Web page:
When I was little I shared a room with my brother. In our room we had a little tiny black and white tv. The tv’s screen was probably about 5 inches by 5 inches. We would plug it in, set it on a chair, and after 20 minutes of fiddling with the coat hanger stuck where the antenna goes we were able to tune into something on basic cable. At least twice a year the circus would come on. I didn’t care about anything but the magician. I couldn’t wait to see him. I would lay on the bed watching the tv just waiting for the magician to come on. I remember at least two times where I fell asleep and woke up to find that I had missed the magician, and I laid there and cried. This was a big deal to me; I spent all my spare money on magic tricks, put on mini magic shows at school for my classes, dressed as a wizard for Halloween and as Houdini for a 5th grade character report. Being a magician was my dream. Years have passed and that dream has faded. I still have a few magic tricks lying around and I love to bring out the deck of cards and play around but I have traded my wand and hat for a degree in accounting and finance. I remember that amazing feeling I would get as I watched those magicians and thought, “Someday that will be me.”
Now it’s been over 15 years since I’ve even considered that dream and today, after all those years that feeling returned. I sat in my bedroom studying for a corporate finance test and I suggested to my wife that she turn on the Boston Marathon on the computer and keep an eye on Shalane Flanagan and Kara Goucher for me. They were familiar names and I thought it would be fun to see how they did. I sat in the bedroom and once or twice she came in and gave me an update. When they hit mile 25 she let me know and I had to go and watch the last two miles. As I watched the screen cut back and forth between the women’s and the men’s race I was surprised at how I was feeling.
In two weeks it will be the one year anniversary of my first race ever. It was a 10k and at that time I had given about as much thought to running the Boston Marathon as I had to when I would be getting my first colonoscopy. I didn’t know it then but later that year I would run my first marathon and set a very informal goal of running the Boston Marathon by the time I was 40 years old. Now fast forward back to today. There I am standing in my kitchen and watching Rita Jeptoo and Lelisa Desisa cross the finish line and I felt like a kid at Christmas. I knew that someday I would be crossing that finish line. It’s hard to explain but I got a little choked up, and as I drove to class I would be lying if I said I didn’t cry. I had a dream.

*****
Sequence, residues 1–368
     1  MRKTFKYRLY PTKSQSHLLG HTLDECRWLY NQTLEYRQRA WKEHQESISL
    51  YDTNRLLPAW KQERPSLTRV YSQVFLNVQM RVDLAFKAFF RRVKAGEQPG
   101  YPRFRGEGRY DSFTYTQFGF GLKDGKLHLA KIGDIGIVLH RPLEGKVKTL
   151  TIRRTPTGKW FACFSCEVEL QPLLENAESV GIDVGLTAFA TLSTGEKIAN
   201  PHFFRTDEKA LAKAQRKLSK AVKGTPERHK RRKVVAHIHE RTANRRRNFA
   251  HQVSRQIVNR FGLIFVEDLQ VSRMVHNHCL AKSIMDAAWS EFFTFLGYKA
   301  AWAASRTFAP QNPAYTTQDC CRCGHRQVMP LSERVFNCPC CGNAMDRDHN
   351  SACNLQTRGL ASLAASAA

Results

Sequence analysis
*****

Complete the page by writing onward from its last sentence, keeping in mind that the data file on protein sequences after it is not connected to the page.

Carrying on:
As I was driving home from class a few hours later I received a text message from a friend that said, “Explosions at the Boston Marathon finish line, crazy huh?” I assumed it was fireworks or something for the other runners and I went home and googled it. I couldn’t believe it. Here was this beautiful thing that I had been so inspired by this morning and suddenly it was filled with tragedy, and horror. I didn’t know how to react so I put on my running shorts, laced up my shoes, and ran. No Garmin, no music, no distance, and no time. I ran, and for the second time today the Boston Marathon made me cry.
When asked about his win for the Elite Men’s division, Lelisa Desisa said of the group he was running with , “We push, we push, we push… I push and I see the finish line and I sprint because I had the force[strength]” I thought about this as I ran. So many people who were waiting for this triumphant moment, who have worked and trained so hard, only to have it tainted and ruined by this horrible act. But it will not last. My heart and prayers go out to them. We as a people will pick ourselves up and rise up stronger than ever. The Boston Marathon has always been a symbol of excellence, hard work, and dedication and it will continue to be. And for the amazing community of runners it will represent triumph over tragedy, pride over pain, and community and courage over crushed dreams. It’s not about the distance or the speed, it’s about the run and nothing can take that from us. We will push and push and when we see that finish line we will push again and sprint to the win!
(Photo courtesy of Paul, @runaday